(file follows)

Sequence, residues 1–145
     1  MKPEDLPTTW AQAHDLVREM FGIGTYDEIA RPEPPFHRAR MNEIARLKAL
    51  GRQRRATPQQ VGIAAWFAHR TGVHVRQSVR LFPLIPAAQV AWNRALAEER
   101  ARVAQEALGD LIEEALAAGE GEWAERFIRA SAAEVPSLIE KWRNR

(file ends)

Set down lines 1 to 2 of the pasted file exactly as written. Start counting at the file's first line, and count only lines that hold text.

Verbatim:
Sequence, residues 1–145
     1  MKPEDLPTTW AQAHDLVREM FGIGTYDEIA RPEPPFHRAR MNEIARLKAL